Monday, October 25, 2010
I wish the snowflakes didn’t have to make their laziness so obvious. Every semester I get emails worded roughly as follows (if I strip away the bullshit and translate it): “Professor, please tell me the absolute minimum amount of work I need to do to get the highest possible grade in this course. Please tell me exactly what I need to do and think. Please give me exactly that information. Please tell me 100% exactly without requiring me to think critically or process information. I don’t really want to have to learn anything. I just want to vomit up pre-chewed information without having to work or think. That is what college is about, in my mind: doing the least amount of work possible while reaping the greatest possible reward. I don’t know why this surprises you, since my culture values instant gratification, pleasure, avoidance of work, and avoidance of responsibility above all else. Anything that interferes with my immediate happiness is wrong and I have a right to not do it.”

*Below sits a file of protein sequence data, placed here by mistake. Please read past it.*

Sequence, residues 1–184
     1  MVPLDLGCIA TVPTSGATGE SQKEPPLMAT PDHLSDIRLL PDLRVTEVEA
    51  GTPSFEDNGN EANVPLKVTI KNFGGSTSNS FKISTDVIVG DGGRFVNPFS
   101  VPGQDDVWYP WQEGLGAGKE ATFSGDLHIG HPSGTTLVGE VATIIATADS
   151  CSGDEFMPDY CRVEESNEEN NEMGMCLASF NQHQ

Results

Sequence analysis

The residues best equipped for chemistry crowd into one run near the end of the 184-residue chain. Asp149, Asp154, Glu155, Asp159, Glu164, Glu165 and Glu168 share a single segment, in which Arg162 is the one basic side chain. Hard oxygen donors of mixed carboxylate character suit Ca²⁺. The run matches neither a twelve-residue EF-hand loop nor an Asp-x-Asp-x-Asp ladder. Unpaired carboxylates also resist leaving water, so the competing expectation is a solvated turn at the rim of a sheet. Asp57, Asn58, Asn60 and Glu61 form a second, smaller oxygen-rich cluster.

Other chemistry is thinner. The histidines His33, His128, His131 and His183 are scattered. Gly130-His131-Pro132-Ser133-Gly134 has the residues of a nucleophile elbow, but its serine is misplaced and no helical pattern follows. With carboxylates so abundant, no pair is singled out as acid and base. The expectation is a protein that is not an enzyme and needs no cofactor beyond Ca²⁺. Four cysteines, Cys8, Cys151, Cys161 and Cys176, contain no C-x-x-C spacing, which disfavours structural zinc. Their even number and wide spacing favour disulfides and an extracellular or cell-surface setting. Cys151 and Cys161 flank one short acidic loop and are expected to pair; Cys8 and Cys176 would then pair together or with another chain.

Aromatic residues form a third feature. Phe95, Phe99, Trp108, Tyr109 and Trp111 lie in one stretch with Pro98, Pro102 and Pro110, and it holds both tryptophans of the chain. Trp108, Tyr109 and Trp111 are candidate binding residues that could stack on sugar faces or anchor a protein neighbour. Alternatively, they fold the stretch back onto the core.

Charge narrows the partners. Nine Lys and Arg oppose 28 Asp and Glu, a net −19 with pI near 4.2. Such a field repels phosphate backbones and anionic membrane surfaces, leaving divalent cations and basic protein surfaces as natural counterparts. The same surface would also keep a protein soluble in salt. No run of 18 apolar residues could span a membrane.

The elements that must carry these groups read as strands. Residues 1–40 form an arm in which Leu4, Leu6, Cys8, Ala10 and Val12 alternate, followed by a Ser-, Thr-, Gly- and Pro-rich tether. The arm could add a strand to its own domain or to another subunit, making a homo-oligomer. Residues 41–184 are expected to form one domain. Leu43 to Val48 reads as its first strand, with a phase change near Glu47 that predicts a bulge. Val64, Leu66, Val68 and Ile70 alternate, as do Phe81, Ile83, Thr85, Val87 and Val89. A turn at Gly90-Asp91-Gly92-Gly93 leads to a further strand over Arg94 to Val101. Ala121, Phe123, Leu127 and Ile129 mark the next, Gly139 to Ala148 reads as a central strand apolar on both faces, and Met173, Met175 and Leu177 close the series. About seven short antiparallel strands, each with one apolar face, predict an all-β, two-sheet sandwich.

My greatest joy would be to tell students at the beginning of a semester, “Guess what, snowflake students of Vital Course 207? I am not showing you any of your grades this semester until 15 minutes before I send them to the Registrar. You will NEVER know how well you’re doing, and I hope the thought eats at your mind and causes you to lose sleep. I’m sorry it had to come to this, but this is the only way I can ensure that you actually TRY and CARE about doing well. Also, you’re being graded competitively and not on an absolute scale. Only 5% of you are getting an A, no matter how I calculate your grades.” And then I cackle madly, and my daydream ends. Well, back to wiping noses and coddling whaaadolescents.